DIPS FROM RESISTIVITY MICROSCANNER
The FMS Image Examiner is an interactive computer program for image enhancement and dip calculation using data from the formation microscanner. The program provides the analyst with the tools to manipulate the image in many ways, one of which is to calculate dip angle and direction. A simple example will illustrate the technique. The illustration below shows the colour image from two passes of the microscanner. Dark colours represent shale and light colours are sandstone. Notice the detailed depth scale (shown in meters). The white area is very high resistivity, probably a limestone stringer.
Image Examiner showing tight streak (white) in sand
shale sequence on formation
By using a mouse to digitize bedding planes such as the thin shale laminations and the boundaries of the limestone layer, the program fits a sine wave to the points. The sine wave represents a plane slicing through the borehole, and its dip and direction can be calculated. These are displayed on the right edge of the screen.
It is obvious that the sine waves shown within the white (limestone) layer could not have been digitized from this image. In fact, the image scale was enlarged, then the colour scale was shifted to provide greater resolution in the high resistivity band, turning previously bright colours into black, and white into distinguishable colours. Now the bedding planes can be digitized and dips computed.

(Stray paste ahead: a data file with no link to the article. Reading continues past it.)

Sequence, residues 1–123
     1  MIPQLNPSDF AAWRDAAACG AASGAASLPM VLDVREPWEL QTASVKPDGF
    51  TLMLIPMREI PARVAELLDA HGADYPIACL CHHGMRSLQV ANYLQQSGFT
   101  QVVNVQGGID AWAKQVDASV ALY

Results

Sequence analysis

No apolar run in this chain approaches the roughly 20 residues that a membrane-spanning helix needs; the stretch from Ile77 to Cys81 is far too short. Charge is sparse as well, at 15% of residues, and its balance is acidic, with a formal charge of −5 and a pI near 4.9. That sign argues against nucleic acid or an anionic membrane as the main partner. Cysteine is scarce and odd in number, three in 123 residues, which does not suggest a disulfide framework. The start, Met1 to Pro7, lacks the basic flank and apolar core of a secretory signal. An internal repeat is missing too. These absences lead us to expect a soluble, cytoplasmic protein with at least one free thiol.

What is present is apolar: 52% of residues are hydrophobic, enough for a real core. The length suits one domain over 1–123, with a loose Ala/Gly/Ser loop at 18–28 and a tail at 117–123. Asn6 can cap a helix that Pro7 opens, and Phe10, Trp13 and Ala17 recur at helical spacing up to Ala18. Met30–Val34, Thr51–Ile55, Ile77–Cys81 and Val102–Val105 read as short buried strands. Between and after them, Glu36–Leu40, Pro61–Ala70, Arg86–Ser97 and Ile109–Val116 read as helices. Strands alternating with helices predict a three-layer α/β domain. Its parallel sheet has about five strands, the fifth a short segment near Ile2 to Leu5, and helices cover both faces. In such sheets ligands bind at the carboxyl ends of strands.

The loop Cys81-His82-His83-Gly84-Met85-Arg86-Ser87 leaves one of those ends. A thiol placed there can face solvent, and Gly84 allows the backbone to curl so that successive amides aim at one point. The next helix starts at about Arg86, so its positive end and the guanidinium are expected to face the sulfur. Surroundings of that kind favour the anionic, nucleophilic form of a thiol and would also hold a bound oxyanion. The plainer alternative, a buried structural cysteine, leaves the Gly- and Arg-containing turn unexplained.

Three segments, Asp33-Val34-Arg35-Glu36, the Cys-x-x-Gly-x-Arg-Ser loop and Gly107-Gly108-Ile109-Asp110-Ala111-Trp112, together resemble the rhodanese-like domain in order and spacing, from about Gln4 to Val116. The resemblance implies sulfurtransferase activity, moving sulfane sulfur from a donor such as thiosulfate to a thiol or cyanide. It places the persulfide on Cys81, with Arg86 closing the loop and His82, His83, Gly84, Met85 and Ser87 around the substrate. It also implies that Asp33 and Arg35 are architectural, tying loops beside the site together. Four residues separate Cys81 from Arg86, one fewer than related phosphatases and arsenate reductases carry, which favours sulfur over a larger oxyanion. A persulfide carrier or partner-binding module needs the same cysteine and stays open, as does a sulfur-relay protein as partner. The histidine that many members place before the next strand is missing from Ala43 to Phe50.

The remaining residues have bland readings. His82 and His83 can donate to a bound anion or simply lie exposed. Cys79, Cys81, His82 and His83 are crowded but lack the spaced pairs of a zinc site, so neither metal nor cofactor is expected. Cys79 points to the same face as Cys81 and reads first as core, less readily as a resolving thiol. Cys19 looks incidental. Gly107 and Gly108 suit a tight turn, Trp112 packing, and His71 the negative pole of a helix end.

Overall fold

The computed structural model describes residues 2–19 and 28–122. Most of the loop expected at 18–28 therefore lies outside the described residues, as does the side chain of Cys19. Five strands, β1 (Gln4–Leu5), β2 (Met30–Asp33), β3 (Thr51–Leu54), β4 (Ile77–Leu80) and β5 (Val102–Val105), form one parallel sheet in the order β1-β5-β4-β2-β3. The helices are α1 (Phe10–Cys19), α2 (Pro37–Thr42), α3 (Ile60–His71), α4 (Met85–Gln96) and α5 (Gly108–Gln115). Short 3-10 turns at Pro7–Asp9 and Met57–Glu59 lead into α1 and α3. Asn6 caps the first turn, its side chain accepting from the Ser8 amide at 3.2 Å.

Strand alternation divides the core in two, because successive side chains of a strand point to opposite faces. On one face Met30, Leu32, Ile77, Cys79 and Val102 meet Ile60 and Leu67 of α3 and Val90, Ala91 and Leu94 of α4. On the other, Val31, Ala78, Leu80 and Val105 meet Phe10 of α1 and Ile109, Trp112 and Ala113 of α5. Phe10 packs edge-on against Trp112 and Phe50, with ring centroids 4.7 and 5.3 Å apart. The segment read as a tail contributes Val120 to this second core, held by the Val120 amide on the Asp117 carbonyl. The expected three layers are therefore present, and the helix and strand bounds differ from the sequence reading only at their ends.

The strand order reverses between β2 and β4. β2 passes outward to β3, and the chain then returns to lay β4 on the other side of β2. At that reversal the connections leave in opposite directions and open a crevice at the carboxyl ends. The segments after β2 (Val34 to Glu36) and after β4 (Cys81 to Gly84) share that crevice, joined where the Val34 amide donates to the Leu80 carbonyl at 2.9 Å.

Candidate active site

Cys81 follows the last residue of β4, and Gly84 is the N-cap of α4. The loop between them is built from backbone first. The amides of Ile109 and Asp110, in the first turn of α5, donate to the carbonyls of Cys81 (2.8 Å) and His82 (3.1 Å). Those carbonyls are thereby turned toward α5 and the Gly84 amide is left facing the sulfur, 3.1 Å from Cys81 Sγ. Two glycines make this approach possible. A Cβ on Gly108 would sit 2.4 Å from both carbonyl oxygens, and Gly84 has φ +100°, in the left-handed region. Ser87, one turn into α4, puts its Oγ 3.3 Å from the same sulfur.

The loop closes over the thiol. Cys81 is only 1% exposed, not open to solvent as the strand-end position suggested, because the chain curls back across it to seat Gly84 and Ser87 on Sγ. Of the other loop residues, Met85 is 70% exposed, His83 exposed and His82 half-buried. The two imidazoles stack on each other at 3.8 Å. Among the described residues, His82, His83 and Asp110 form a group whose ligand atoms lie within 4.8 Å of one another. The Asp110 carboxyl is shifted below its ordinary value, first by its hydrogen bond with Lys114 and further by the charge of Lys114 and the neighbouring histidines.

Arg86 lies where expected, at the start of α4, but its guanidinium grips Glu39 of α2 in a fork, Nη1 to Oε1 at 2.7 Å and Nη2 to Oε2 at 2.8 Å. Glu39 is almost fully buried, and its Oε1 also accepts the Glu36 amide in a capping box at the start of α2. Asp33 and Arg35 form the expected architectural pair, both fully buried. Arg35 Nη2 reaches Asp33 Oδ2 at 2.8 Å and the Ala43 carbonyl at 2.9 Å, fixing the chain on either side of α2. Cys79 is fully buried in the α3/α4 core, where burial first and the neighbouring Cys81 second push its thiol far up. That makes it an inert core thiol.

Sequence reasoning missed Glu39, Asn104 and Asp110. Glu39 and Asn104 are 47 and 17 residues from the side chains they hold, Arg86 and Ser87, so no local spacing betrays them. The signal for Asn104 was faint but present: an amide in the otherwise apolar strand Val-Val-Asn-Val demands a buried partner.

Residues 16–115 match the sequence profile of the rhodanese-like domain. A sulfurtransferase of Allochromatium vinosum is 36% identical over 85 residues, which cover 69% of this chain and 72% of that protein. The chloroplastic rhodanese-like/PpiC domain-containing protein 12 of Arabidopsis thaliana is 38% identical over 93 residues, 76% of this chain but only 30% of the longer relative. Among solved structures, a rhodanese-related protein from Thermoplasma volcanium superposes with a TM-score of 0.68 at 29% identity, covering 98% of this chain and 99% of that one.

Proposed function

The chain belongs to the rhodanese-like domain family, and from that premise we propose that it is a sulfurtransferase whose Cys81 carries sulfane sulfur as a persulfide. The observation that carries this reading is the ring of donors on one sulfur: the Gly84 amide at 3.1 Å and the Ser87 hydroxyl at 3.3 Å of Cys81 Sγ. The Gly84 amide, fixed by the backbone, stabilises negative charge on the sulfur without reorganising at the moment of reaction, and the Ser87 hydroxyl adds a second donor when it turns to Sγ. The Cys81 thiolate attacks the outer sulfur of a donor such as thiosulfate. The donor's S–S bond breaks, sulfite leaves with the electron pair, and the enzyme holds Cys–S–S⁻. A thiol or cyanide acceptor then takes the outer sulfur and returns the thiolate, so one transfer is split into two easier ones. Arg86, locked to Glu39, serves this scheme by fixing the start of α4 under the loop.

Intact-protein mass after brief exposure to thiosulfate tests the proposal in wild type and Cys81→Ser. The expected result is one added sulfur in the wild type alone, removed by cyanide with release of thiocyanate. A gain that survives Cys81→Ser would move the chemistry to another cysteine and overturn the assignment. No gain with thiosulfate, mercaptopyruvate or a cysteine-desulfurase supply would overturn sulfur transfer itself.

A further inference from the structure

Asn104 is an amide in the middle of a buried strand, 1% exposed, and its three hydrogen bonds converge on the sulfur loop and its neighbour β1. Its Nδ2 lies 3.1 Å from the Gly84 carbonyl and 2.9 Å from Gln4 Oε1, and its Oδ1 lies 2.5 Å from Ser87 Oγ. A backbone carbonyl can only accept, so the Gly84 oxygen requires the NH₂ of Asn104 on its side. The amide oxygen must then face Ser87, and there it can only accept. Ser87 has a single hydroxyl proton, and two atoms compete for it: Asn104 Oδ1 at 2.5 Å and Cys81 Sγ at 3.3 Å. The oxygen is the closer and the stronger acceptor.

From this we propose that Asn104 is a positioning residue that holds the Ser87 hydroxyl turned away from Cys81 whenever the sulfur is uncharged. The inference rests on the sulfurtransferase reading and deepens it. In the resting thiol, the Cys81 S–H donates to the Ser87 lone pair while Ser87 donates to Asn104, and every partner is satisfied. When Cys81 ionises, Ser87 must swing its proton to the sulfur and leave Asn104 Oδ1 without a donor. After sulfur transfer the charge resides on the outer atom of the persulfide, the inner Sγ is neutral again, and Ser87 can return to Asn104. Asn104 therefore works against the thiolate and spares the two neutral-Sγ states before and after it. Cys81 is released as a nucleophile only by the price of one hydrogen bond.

Dips can also be computed automatically by the same methods as used for the stratigraphic high resolution dipmeter. MSD, CSB, LOC, FMS, and handpicked dips over the same interval are demonstrated in the next several illustrations. Each plot has entirely different dip results, emphasizing the need to understand the different dip calculation methods. In particular, the MSD dips in a strongly cross bedded formation suffer badly from the averaging calculation. Compare the MSD with the CSB dips on the images. It is clear that MSD dips do not follow the bed boundaries very well and underestimate dip angle at the sand top and base by 7 to 10 degrees.
The FMS dips use a different form of correlation, so they honour the bed boundaries even better. Computed dips are even steeper than CSB and much steeper than the MSD, indicating the relative degree of averaging being done by the program. The hand picked data is probably the best result, but it is labor intensive. It takes about half a day to compute all FMS dips over a 300 foot interval, delete all unwanted dips manually, and pick additional dips not found in the original computation.
You should appreciate these differences when using any dipmeter. Any form of best fit or averaged dip will probably underestimate dip angle unless some very dominant bed boundary exists that will swamp all others. The assumption made by the programmers is that major bed boundaries do this, but as you can see from the illustrations, this is not always true. If you can afford it, run FMS or televiewer images to help interpret dipmeter arrow plots. Since the vast majority of existing dipmeters cannot be augmented by FMS, BEWARE of averaged results.
borehole televiewer, an ultrasonic borehole imaging tool, has
much resolution than the dipmeter based imaging tools. As a
result, only the largest dip and bedding features can be seen.
It is used mostly for fracture identification.
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